As students struggle with mental health, unprecedented demand for therapy overwhelms IWS

Nigel Jaffe

A Record survey found that students are struggling and think their friends are doing even more poorly. (Lulu Whitmore/The Williams Record)

Amid a nationwide crisis in student mental health, a Record survey found that students at the College are facing significant mental health challenges this semester, while the College has struggled to keep up with unprecedented demand for mental health services. 

Integrative Wellbeing Services (IWS) has seen 549 students already this semester — about two dozen more than the 525 who visited IWS throughout the entire fall of 2019, which Director of IWS Wendy Adam said was its busiest ever semester before the COVID-19 pandemic. 

More than half of the Record survey’s respondents (51.7 percent) rated their mental well-being at 5, 6, or 7 on a scale from 1 (“I’ve been doing great!”) to 7 (“I’ve really been struggling”). Furthermore, 65.5 percent rated their peers’ mental well-being at 5, 6, or 7 on an analogous scale. The survey was sent to 500 randomly selected student email addresses, and it garnered 145 responses.

These findings point to a national trend that Dean of the College Marlene Sandstrom and Adam referred to in a Nov. 1 email to the College community as an “emergency in adolescent mental health.”

Sophia Trone ’24 noted that the past year has been especially difficult for sophomores in light of the deaths of three members of the Class of 2024. One student died last fall and two students died over the summer.

“We’re all really struggling,” said Lulu Whitmore ’23, a member of the Committee on Student Life. “And it’s definitely gotten worse over the course of the semester.” 

As a result of high demand, IWS has had to establish a waitlist for individual counseling appointments for the first time since January 2020, when it made the controversial decision to free up availability by shifting away from weekly 45-minute sessions. 

This year, the standard is half that, with most students seeing a therapist for 45 minutes every other week. Even so, Adam said that 50 students are already on the waitlist, with more requesting counseling every day. 

“It is unacceptable for an institution with this many resources and with such an obvious mental health crisis on [its] hands to fail its students in something so essential,” Ashlyn Oh ’23 said. “I think the school has a responsibility as an institution to make sure that students have access to medical and mental health resources.”

Adam said that when it became clear over the last few weeks that a waitlist would be necessary, she met with senior administrators to devise ways to respond to the surge in demand for therapy. “They were basically saying, ‘How can we make this happen? Let’s figure it out,’” Adam said. “It felt terrific in terms of support.”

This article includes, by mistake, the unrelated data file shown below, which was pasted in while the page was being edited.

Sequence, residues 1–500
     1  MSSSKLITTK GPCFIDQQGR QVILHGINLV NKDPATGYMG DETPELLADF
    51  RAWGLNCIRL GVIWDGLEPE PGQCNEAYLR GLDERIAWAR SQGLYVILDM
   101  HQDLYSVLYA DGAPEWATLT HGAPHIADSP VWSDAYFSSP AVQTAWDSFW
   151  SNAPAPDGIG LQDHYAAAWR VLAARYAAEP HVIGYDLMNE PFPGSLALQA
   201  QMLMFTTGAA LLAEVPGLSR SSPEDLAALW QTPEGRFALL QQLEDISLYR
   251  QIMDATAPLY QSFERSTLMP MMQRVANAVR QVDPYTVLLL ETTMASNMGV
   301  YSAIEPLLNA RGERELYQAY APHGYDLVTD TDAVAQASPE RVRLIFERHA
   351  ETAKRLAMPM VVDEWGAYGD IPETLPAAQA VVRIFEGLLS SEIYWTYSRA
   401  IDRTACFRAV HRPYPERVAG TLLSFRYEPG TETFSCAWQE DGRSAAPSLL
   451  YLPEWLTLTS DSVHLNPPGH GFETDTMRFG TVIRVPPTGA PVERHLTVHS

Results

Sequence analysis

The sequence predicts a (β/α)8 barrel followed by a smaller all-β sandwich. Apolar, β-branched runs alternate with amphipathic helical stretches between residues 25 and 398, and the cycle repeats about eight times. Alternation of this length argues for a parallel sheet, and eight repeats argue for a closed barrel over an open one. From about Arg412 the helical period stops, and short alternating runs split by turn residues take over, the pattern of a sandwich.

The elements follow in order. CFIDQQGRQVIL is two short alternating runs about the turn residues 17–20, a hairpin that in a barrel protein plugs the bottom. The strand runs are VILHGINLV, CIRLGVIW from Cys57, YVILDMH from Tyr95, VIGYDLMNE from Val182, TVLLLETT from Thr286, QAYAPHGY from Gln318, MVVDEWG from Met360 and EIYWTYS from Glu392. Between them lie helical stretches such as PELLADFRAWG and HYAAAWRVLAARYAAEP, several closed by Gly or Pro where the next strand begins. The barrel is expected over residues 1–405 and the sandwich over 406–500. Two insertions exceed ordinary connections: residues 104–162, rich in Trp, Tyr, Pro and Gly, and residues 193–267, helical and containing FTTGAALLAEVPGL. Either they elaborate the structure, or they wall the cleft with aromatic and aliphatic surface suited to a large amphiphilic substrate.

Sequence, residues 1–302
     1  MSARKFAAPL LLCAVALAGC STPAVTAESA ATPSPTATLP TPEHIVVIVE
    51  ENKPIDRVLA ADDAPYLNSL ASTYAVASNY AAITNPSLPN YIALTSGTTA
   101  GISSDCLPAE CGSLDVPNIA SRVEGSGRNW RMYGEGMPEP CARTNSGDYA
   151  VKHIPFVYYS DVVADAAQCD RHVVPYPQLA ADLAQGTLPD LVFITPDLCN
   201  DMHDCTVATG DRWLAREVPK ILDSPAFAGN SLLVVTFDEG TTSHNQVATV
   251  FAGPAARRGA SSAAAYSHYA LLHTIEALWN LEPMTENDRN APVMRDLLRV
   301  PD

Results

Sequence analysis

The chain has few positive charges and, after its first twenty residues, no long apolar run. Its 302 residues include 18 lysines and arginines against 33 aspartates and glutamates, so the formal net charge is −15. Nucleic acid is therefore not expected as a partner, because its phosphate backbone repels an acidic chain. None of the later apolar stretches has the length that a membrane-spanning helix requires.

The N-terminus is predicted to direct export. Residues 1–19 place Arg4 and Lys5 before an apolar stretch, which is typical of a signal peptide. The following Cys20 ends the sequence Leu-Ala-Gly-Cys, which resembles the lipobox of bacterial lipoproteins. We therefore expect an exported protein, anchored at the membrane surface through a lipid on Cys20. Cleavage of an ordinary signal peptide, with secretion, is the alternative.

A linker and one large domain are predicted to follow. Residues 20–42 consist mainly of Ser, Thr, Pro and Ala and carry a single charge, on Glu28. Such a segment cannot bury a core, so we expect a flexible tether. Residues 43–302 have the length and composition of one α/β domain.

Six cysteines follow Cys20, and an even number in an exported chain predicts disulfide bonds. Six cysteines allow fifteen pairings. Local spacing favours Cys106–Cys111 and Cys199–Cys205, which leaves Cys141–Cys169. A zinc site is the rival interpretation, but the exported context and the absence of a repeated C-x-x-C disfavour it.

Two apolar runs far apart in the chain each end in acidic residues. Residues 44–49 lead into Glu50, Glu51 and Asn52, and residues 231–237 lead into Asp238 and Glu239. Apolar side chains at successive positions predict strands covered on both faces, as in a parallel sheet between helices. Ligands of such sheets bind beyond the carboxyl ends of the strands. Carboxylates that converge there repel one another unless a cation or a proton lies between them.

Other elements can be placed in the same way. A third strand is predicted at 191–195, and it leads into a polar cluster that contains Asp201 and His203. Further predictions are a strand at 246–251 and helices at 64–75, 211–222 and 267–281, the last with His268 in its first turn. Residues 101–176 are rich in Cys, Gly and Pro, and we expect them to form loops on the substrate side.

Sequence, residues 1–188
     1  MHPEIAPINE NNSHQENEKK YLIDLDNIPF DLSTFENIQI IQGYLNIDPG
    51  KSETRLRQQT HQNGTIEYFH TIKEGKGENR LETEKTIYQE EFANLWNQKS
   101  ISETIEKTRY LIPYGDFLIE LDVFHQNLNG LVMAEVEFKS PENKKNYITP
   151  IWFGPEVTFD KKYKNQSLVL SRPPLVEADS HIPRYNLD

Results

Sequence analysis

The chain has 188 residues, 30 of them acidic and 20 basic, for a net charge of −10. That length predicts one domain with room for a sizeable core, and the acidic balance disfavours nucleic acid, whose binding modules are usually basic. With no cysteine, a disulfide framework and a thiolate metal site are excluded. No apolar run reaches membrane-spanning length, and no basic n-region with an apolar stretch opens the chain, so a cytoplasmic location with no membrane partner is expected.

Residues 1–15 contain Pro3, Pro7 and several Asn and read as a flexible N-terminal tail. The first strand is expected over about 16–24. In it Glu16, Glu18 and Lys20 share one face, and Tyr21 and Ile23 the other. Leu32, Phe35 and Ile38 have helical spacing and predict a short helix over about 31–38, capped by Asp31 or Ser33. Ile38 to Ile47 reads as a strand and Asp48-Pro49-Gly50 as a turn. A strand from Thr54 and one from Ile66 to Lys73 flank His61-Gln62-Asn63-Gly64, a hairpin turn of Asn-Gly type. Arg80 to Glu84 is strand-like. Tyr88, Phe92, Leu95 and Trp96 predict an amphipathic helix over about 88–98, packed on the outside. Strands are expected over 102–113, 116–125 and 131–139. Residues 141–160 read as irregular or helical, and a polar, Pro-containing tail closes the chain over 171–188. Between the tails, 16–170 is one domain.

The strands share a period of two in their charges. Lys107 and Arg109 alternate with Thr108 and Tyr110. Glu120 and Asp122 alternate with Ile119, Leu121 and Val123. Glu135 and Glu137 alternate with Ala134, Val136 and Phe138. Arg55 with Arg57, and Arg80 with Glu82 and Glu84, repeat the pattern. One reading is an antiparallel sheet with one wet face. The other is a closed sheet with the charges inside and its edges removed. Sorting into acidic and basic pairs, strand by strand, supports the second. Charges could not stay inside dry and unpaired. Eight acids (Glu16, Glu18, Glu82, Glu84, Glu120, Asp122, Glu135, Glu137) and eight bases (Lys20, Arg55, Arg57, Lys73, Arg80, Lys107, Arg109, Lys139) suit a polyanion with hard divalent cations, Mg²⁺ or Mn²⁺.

In that meeting, senior staff approved initiatives such as expanding the IWS psychiatrist’s hours to a full-time appointment from the current 0.6 Full Time Equivalents, a change that will involve hiring a new psychiatrist through a national search. Adam said they will also seek to hire several therapists on a contract basis from across the state if possible. 

Many students who responded to the Record survey called on the College to hire more therapists. These demands draw upon a line of student activism that has thrived over the last few years, as exemplified by an October 2016 petition on titled “Williams College: sell 4–5 marble slabs to pay for a new therapist at the Health Center,” which garnered hundreds of signatures.

Adam said she understands why students often push IWS to expand its staff, but she stressed that even now, the College is “staffed a whole lot better, and has more resources, than the vast majority of colleges across the country.” Moreover, Adam said, local and nationwide demand for therapy has made it much more difficult to hire more therapists at IWS.

In fall 2019, IWS relied on six contract therapists to supplement its regular staff. For most of this semester, it has had only one, and efforts to hire more have been unsuccessful because private practices in Berkshire County are fully booked, Adam said. 

Adam recommended that students use Talkspace, a teletherapy service the College subscribes to through which students can have four 30-minute video-sessions per month with a licensed therapist free of charge. Around 200 students use Talkspace, with 18 using it for psychiatry. Because Talkspace providers offer virtual therapy, they are based all over the country, and there are no waitlists.

Still, many students expressed hesitancy about using Talkspace, citing negative experiences with the platform or with teletherapy more generally. “It’s definitely good that Williams has it for students that might prefer to use that,” Trone said. “But to have Talkspace as a replacement for IWS is completely ridiculous to me.”

Beyond the expansion of the College’s mental health resources, many students in the survey called for faculty to take steps to support their students’ well-being. Dozens of respondents cited the College’s workload as a factor influencing their mental health, particularly in the context of the attempt to return to a state of post-COVID normalcy. 

“Mental health resources are great, but they don’t get at the root of the problem,” Deion Hammond ’25 said. “A lot of the time, exhaustion just compounds over time, to the point that people don’t even realize that they’re drowning.”

Maddy Lawler contributed reporting.